Crude oil, a vital world resource, is slowly becoming more affordable. Political turmoil in one of its member's states, and the threat of sanctions against another sent gasoline prices near a dollar a litre recently. But now that bubble has popped, followed by a sharp fall of almost 60 cents a barrel. With the fall of crude came the fall of crude, heating oil and both of their respected future contracts. Prices may be on the rise again depending on the outcome between the UN and Iran over it's nuclear program.
With prices so high, traders had a chance to recoup some losses during the short, violate week before after big-time Russian crude producer OAO Gazprom cut back production to the rest of the EU to have enough supply for Russia during this colder than normal winter. This was just a slight hiccup, says Phil Flynn; "with U.S. oil inventory data expected to show supply builds in gasoline and distillates Thursday."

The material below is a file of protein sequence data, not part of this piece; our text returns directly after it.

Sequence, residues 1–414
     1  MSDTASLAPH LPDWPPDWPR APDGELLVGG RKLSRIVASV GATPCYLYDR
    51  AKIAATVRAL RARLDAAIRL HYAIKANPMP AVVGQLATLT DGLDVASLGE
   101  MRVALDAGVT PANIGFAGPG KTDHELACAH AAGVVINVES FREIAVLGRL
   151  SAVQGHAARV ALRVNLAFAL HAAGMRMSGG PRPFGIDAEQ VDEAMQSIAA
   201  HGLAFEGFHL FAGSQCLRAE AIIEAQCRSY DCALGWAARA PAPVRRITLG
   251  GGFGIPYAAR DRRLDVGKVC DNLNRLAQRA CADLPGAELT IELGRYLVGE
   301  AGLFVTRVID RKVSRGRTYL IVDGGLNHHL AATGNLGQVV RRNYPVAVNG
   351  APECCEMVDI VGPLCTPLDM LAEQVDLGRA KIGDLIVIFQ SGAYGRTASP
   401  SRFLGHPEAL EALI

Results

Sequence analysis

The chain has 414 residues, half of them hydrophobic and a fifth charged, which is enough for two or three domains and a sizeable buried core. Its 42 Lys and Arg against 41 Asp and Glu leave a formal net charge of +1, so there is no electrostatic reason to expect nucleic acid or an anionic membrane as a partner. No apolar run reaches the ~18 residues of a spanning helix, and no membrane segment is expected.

The market is very bullish with many more being optimistic rather than pessimistic even though issues with Iran and Nigeria might erupt. If Iran were referred to the UN Security Council, the market would erupt in frenzy, with every trader trying to buy as much as they could before prices go higher. Supply and demand work different here because traders rather have product than not, which results in huge sprees of buying that drive the price of gasoline and other related goods skyrocketing. Eventually, traders will sell that surplus and take some profit, recovering from losses or pocketing the cash to use for another day.
OPEC is a collation of the major exporters of crude oil in the Middle East, Africa, Asia and South America. This includes Algeria, Indonesia, Iran, Iraq, Kuwait, Libya, Nigeria, Qatar, Saudi Arabia, UAE, and...